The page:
On that point, the judge emphasized that the benefits of the arbitration clause in the vendor agreement accrued to the signatories — Dynamex and SBS — not to the plaintiff.
“Ouadani can hardly be said to have ‘embraced’ the Agreement when he was unaware of its existence,” she added.
The judge also found distinguishable two California cases involving the enforceability of an arbitration clause against drivers for the airport shuttling service SuperShuttle.
In one case, a federal judge compelled arbitration against nonsignatory drivers of SuperShuttle franchisees because they “knowingly exploited” the rights and privileges afforded under the franchise agreements.
In the second California case, a state judge compelled arbitration against nonsignatory SuperShuttle drivers, reasoning that the financial benefits they received from the franchise agreement formed the basis for their state wage-and-hour claims.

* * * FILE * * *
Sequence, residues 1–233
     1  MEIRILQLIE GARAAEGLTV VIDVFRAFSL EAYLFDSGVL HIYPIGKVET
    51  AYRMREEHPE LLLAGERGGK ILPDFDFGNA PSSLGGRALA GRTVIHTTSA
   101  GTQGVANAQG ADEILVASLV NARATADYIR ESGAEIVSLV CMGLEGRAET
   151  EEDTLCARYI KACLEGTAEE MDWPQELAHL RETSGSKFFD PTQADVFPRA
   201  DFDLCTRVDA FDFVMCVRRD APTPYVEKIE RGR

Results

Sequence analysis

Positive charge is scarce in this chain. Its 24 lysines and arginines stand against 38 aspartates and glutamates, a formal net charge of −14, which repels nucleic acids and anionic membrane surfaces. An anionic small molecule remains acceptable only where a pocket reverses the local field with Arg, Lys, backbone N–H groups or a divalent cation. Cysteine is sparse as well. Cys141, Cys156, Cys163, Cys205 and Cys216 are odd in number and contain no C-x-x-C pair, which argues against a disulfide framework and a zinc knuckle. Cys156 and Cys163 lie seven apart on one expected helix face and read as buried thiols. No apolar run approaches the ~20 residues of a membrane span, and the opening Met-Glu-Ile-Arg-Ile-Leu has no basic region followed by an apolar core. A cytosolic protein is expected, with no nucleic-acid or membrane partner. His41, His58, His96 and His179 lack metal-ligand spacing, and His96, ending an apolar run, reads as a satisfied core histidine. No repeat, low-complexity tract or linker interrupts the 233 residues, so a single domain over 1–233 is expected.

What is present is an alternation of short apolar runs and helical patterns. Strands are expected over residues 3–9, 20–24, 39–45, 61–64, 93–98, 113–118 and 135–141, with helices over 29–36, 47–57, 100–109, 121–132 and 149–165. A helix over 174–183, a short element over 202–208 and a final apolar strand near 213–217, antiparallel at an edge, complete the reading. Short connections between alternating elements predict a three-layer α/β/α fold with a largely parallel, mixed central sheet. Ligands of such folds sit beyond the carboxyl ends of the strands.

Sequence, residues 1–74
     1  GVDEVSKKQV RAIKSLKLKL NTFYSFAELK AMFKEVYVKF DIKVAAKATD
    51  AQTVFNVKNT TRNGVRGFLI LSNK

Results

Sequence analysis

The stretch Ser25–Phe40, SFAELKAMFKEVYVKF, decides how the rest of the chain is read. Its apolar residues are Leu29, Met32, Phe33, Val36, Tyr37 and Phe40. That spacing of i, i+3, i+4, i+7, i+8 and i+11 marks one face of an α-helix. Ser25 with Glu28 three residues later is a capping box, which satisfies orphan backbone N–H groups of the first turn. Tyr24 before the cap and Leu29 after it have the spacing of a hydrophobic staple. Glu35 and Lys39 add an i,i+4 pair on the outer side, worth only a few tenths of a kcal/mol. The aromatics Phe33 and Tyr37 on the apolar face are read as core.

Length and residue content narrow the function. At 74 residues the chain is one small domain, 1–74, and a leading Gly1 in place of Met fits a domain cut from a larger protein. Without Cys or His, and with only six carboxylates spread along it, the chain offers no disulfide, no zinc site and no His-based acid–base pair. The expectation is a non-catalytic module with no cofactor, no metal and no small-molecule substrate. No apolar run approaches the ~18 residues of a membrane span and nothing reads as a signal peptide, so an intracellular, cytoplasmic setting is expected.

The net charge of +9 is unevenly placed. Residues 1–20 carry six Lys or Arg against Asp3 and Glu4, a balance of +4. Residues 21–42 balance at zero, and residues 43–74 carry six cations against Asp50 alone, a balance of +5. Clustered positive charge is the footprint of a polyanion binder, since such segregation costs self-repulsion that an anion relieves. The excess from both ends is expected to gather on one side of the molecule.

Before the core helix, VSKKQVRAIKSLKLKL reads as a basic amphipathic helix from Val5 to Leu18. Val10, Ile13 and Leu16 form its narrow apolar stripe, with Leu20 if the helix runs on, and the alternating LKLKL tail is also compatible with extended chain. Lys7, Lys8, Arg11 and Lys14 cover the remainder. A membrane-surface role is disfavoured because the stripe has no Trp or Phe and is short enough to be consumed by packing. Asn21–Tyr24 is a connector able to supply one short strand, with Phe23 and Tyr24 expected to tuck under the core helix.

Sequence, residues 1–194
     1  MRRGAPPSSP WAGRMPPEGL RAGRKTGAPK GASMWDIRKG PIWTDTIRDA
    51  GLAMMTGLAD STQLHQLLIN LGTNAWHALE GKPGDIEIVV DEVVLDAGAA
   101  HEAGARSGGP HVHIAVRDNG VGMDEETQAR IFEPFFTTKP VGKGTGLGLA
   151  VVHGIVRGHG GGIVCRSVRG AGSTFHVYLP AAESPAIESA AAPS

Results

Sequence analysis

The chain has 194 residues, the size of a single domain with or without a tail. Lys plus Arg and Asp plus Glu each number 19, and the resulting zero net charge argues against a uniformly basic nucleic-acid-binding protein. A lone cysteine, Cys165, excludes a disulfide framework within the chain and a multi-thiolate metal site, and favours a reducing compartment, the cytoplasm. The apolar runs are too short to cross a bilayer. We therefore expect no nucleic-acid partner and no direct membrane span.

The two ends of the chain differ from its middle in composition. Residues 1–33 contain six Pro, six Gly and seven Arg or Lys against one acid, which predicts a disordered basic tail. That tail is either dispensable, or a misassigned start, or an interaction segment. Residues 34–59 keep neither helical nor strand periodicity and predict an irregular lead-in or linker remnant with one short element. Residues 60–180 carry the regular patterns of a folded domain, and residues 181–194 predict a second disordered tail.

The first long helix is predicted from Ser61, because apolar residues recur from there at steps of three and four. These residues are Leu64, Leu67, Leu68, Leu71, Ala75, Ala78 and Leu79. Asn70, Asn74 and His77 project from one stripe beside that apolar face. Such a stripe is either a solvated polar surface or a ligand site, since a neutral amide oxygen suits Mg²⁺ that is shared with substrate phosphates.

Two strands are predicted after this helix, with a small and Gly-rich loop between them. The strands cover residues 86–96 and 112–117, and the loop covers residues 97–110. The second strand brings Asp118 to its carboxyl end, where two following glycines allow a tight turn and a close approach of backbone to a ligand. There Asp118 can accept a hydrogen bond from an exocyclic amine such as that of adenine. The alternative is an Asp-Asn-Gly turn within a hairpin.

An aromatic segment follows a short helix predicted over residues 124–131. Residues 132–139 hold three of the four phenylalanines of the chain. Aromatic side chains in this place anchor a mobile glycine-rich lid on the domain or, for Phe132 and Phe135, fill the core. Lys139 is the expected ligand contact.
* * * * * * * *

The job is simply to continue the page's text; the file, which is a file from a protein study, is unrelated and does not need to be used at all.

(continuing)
Lynch wrote that those cases were distinguishable because, unlike the secondary SuperShuttle drivers, “Ouadani did not ‘knowingly exploit’ or ‘participate actively and for compensation,’ in the rights described in the [vendor] Agreement — he did not even know that the Agreement existed. And the Agreement does not provide the only basis for Ouadani’s claims, which stem from his arrangement with Dynamex.”
Finally, Lynch rejected the defendant’s argument that the plaintiff was bound to arbitrate pursuant to a third-party beneficiary theory.
The judge explained that the critical factor in applying such an analysis to extend arbitration to a nonsignatory is whether the underlying agreement evinces an intent to confer specific legal rights upon that party. The judge wrote that the defendant could not point to any language in its vendor agreement with SBS that conferred specific legal rights on drivers like the plaintiff.
“In short, Dynamex’s failure to show that the parties to the Agreement intended to provide any legal rights to Ouadani is fatal to its third-party beneficiary claim,” Lynch wrote.